One would think that would be newsworthy, but apparently for the major newsrooms of the US, not so much.
Edward Herman, noted media critic and co-author with Noam Chomsky of the book Manufacturing Consent, says the media love to report on Pentagon waste—things like the epic cost overruns on the F-35 boondoggle that still can’t fly in combat or a $600 toilet seat. That kind of story, he says “is something the media and public grasp easily.” Such reporting, he argues, “shows the Pentagon makes mistakes but not that it is massively looting the public coffers.” It also “shows that the media is on the alert in protecting the public interest.”
Herman says, “Repeated failure to report on a refusal by the Pentagon to allow an audit represents a major media failure, and one that is almost surely very costly to the general public.” He adds:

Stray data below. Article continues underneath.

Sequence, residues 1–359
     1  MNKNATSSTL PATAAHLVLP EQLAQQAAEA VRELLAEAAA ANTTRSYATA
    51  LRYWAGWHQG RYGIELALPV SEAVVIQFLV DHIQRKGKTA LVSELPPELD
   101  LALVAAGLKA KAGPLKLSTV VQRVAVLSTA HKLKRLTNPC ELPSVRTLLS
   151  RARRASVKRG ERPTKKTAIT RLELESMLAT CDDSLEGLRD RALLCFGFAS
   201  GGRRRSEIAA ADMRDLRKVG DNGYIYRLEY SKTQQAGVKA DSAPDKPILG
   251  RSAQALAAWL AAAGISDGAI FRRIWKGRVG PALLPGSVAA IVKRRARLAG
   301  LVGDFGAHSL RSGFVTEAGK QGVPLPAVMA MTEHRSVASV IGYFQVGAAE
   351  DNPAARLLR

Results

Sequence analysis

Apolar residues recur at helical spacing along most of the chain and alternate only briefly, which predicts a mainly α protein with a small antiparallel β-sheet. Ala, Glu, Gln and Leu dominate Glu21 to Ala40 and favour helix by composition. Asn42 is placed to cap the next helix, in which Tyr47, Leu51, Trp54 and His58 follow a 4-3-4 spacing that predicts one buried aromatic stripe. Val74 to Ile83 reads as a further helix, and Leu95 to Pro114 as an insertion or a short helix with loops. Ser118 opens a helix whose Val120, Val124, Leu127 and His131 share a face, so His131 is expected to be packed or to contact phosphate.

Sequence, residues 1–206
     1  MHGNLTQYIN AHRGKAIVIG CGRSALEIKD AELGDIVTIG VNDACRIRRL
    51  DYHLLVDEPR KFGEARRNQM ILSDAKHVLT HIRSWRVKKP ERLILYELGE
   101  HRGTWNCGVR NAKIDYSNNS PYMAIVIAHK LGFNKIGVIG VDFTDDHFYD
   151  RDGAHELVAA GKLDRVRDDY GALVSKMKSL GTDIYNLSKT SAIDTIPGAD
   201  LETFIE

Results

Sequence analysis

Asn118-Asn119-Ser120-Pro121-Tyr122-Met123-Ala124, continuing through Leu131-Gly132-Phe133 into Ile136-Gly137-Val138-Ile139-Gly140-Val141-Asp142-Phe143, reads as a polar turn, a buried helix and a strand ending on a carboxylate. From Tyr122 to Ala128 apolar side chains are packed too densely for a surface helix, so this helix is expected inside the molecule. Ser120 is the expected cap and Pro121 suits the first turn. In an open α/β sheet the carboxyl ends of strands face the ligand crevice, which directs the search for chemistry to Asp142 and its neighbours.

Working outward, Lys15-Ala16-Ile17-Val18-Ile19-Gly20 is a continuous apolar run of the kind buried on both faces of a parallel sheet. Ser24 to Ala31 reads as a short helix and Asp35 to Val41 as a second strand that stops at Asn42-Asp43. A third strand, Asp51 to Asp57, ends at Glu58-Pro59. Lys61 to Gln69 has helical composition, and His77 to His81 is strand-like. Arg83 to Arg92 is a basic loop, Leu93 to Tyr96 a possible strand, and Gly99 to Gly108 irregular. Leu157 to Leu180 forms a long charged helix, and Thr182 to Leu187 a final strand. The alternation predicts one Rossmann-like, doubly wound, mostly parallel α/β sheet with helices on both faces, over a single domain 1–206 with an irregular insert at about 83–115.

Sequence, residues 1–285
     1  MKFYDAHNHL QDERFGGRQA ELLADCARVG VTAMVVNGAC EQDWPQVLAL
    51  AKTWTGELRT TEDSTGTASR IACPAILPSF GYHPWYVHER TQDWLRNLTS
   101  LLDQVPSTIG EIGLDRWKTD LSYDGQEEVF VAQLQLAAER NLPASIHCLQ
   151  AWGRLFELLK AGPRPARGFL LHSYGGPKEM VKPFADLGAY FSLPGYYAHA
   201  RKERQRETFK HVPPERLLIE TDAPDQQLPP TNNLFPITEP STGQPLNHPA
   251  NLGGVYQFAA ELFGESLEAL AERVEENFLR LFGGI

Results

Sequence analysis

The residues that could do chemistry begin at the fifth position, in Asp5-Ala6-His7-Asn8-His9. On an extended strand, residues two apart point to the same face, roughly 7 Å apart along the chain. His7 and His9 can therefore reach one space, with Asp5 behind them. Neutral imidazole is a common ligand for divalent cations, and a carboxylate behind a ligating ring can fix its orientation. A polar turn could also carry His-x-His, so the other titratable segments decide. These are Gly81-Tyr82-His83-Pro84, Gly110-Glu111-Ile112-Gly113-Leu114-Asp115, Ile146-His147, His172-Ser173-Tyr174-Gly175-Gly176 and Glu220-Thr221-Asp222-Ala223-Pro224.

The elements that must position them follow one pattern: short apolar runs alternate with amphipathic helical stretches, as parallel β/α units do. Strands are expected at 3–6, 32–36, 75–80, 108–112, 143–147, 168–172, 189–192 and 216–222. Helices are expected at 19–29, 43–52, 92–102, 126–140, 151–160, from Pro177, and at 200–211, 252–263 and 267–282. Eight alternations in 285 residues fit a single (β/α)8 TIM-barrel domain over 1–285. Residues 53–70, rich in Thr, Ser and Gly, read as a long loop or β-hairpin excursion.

The failure to take up this important story reflects, at a deeper level, the power of the Pentagon and the unwillingness of the media or politicians to challenge it. Only power and the derived conflicts of interest can explain this remarkable ability of the Pentagon to avoid a legally required audit.
Requests for comment from the New York Times and the Washington Postabout their non-coverage of this $6.5-trillion Pentagon scandal went unanswered as of press time.
Dave Lindorff is the author of Killing Time (Common Courage Press, 2003), an investigative book about the Mumia Abu-Jamal case. He is a founding member of ThisCantBeHappening!, an independent online alternative newspaper.